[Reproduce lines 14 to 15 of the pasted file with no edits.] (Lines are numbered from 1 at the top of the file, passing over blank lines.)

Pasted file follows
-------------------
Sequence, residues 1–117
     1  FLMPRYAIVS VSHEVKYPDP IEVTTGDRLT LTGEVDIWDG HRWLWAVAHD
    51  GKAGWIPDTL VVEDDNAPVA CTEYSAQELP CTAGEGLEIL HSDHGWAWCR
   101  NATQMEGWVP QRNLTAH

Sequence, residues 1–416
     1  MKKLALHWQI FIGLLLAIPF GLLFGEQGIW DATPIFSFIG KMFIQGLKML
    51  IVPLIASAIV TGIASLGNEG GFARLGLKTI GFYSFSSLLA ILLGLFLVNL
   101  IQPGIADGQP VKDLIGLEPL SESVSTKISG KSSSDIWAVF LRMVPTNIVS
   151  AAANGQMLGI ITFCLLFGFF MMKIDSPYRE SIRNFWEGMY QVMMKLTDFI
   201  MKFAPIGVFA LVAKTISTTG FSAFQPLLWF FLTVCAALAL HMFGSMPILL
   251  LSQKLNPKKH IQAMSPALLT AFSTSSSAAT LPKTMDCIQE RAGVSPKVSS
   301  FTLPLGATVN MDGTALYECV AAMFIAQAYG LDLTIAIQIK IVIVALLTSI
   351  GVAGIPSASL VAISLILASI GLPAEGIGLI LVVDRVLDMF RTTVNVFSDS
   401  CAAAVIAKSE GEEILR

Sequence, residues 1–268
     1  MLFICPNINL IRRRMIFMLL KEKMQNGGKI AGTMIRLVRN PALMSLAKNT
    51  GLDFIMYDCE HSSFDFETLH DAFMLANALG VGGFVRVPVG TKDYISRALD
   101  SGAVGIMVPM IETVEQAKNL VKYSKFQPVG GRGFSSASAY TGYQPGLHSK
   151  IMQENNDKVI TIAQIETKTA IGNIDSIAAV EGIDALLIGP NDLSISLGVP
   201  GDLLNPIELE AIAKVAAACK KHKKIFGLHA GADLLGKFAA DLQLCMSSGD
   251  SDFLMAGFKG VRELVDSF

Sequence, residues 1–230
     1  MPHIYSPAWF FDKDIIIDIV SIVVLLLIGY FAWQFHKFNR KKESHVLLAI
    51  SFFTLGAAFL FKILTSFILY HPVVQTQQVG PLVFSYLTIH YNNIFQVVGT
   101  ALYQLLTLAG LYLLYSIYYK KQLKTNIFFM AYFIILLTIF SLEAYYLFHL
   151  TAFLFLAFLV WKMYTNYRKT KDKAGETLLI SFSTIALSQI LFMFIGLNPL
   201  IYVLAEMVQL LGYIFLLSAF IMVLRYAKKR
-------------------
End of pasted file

   401  CAAAVIAKSE GEEILR

Sequence, residues 1–268